NET BODY-ENTRY PROTOCOL
Examine the region in lesion
A) Locate an active Trigger Point, a tender spot along a muscle within the lesion area.
Perform a muscle test on a healthy muscle, other than the muscle with the identified
trigger point. Note the general strength or tone of the muscle when lightly tested. Now the
practitioner places their index finger on the identified trigger point and retests the muscle.
If, on retest the muscle strength is now weaker then this indicates a so-called ‘body entry
B) Establish if an emotional issue is involved in the pathogenesis of the trigger point that is
being tested. The patient places their flat hand palm down across their forehead (The
Emotional Point-Walker 1996) whilst the therapist maintains contact on the active trigger
point with their index finger found in step 1. The Patient raises their other arm anterior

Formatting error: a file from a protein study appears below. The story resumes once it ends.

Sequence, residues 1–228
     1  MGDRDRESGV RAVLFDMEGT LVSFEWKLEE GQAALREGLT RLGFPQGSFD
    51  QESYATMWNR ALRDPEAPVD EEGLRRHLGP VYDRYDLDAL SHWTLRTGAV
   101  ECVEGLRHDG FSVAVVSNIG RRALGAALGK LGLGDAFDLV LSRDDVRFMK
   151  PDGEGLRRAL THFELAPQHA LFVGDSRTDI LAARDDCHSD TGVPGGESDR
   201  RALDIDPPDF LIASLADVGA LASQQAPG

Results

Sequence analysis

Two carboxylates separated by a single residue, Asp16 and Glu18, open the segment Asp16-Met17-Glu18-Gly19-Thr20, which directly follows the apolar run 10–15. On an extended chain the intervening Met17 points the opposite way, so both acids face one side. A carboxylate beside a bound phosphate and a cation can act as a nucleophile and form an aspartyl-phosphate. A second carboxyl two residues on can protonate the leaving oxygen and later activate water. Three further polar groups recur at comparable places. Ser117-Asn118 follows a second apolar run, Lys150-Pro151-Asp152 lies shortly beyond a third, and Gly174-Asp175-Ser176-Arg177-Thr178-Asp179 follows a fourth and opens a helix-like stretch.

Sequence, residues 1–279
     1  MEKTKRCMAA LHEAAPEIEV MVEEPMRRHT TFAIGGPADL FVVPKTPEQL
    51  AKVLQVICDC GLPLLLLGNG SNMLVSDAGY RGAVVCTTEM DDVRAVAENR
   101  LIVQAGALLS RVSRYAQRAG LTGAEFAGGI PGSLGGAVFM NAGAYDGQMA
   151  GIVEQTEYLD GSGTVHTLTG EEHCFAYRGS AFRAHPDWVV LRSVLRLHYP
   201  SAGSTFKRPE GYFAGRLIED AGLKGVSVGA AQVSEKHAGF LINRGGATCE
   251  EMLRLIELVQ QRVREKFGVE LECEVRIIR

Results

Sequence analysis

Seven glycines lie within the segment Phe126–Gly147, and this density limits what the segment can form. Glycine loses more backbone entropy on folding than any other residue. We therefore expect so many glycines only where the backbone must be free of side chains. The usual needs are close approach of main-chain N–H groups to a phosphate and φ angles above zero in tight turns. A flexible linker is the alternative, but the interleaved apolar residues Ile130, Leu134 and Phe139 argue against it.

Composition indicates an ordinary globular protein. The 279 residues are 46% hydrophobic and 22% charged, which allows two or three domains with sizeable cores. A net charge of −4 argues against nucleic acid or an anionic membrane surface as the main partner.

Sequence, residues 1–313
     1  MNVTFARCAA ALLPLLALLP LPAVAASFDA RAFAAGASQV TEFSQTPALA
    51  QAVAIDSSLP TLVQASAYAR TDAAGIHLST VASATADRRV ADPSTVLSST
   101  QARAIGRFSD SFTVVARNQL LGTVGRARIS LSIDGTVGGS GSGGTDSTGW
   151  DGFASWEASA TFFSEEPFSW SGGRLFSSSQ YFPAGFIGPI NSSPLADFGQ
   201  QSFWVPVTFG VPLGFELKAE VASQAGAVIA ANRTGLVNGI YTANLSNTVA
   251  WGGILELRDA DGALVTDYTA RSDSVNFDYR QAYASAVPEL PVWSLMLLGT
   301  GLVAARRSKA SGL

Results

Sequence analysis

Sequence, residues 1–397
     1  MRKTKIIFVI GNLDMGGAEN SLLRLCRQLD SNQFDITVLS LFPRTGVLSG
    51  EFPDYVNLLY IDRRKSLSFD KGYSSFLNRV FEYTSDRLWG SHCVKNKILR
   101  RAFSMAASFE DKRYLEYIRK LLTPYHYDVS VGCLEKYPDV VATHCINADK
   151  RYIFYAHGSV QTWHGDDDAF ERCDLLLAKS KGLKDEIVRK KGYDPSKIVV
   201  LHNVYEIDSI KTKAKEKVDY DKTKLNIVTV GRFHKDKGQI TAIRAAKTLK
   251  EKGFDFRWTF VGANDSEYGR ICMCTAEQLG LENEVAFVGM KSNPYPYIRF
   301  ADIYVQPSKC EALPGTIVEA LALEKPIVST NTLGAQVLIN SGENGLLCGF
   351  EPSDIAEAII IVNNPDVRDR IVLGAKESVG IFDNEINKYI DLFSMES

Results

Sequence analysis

palm down to 90% activating the anterior deltoid muscle. The practitioner with their other
hand muscle tests the patient’s anterior deltoid by pushing down vertically at 90% on the
patient’s outstretched arm. If this muscle test also remains weak as initially induced in
step 1, then this protocol ceases as incorporating the contact on the forehead (emotional
points) did not elicit a change in muscle strength. Thus no emotional issue involved in the
pathogenesis of this particular trigger point that’s being contacted. If the muscle which, on
previous testing became weak now tests as strong, then this indicates that a so-called
‘Neuroemotional Complex’ (NEC) has been identified. An NEC is a subjective
maladaptation syndrome adopted by the human organism in response to a real or
perceived stress. The individual’s unique NEC contains;
o A specific subluxation or sequence of subluxations.
o A specific emotion
o A conditioned response: A predisposition for stimulus generalisation. A
resistance to extinction.
o A meridian imbalance and active pulse point.
o A facilitated or inhibited muscle.
o A specific active Meridian Acce